Could Your Social Media Posts Lead To An ATO Tax Audit?

It is tax return time, and every tax filer is hoping that their return is correct, that they will receive a refund and that the ATO won't select them for an audit this year. The Australian Tax Office has already announced that this year's audits will focus on those people who make "excessive tax deductions." As someone who makes a reasonable number of deductions, this does not mean you are clear of an audit. There are a number of ways the ATO is cross-referencing the claims that you make, and these are the two points you need to know.

Data Matching

There are a number of third-party agencies that supply data to the ATO, and the ATO then uses this data to cross-reference the deductions you place on your return. For example, it is a legislative requirement that all Australian banks report the interest amounts paid to individuals and companies. The ATO then checks the amount of interest paid to you against the amount of interest you claim was paid to you. If you have not declared any interest received, or there is a big discrepancy between the amounts, you could receive a "please explain" letter in the mail from the ATO.

However, you could also be setting yourself up for an audit just because of things you are openly posting online.

Social Media

The ATO has a set of data mining specialists who take a closer look at people when red flags are raised about deductions and expenses claimed on a tax return. For example, say you put in a claim for a business trip and fudge the dates a little so you can claim a bigger deduction. At the time it seems harmless enough. But, the ATO algorithms call an investigator's attention to your claim. The ATO investigator then takes a look at your not-so-private Facebook page and sees a photo of you hanging out with the family at home on the same dates that you've claimed to be overseas. Here comes that "please explain" letter again.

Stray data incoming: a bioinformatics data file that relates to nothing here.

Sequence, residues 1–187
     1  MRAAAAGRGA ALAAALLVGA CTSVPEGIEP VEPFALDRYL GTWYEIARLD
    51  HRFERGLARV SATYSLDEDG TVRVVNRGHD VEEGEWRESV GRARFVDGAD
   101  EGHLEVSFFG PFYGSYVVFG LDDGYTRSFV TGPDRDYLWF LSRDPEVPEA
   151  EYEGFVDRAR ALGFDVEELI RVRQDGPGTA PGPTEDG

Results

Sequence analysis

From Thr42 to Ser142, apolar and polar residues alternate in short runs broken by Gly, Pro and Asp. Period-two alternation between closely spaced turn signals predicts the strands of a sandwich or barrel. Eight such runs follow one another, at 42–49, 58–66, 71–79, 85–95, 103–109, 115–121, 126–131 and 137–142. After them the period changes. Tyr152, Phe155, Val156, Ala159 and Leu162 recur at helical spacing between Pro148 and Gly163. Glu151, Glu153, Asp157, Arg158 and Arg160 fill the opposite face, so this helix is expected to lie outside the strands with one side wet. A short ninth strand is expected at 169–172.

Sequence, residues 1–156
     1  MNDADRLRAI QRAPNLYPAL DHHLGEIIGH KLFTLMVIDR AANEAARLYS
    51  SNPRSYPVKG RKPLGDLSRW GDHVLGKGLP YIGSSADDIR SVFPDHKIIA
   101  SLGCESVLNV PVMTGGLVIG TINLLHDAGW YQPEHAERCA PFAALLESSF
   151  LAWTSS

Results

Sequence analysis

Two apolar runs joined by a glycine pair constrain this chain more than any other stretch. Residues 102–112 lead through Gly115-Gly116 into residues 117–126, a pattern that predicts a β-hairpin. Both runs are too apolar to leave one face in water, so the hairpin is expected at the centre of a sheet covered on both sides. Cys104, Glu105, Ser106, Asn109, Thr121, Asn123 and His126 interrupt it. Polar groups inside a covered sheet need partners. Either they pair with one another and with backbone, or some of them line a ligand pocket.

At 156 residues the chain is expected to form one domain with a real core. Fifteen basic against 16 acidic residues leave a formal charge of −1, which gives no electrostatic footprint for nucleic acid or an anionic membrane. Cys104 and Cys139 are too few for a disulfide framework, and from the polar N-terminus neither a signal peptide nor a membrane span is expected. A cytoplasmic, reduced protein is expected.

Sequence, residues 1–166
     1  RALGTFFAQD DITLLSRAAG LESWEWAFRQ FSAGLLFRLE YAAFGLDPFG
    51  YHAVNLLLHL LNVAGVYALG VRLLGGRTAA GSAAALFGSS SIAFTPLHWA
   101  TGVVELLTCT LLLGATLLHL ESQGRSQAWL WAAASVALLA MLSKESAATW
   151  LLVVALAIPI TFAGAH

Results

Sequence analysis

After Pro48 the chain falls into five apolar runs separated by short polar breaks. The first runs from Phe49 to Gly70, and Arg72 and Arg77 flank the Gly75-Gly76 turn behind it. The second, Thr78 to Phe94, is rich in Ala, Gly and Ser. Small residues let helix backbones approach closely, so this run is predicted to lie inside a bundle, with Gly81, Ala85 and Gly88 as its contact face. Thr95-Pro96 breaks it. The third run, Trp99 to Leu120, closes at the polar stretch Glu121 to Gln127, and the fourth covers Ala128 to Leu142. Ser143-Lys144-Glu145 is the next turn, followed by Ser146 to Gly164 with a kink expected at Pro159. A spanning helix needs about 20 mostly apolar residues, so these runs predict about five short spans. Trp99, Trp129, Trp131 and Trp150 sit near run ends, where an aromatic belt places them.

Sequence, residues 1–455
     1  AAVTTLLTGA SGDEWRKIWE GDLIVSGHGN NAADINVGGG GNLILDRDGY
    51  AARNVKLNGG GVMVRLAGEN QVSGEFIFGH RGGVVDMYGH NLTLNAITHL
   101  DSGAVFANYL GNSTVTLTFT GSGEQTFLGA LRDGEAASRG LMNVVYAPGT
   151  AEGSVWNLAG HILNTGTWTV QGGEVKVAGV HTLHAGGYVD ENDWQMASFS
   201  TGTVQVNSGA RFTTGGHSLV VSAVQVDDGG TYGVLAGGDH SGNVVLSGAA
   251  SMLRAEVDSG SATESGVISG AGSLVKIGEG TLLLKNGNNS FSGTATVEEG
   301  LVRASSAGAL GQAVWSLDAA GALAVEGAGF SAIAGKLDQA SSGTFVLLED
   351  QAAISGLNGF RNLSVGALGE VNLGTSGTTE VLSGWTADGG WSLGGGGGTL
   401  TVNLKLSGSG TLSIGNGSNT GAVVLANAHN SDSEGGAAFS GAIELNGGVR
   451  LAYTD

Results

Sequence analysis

While the ATO does not actively look at every single tax payer's social media posts, they will use your social media accounts to verify information if there is a suspicion that you are not honest with your tax return.

If you have concerns that your tax return is going to flag attention from the ATO, take it to a specialist tax accountant to discuss further. Even if you have already filed your tax return, it is relatively easy to make an amendment, and your accountant can help to do this.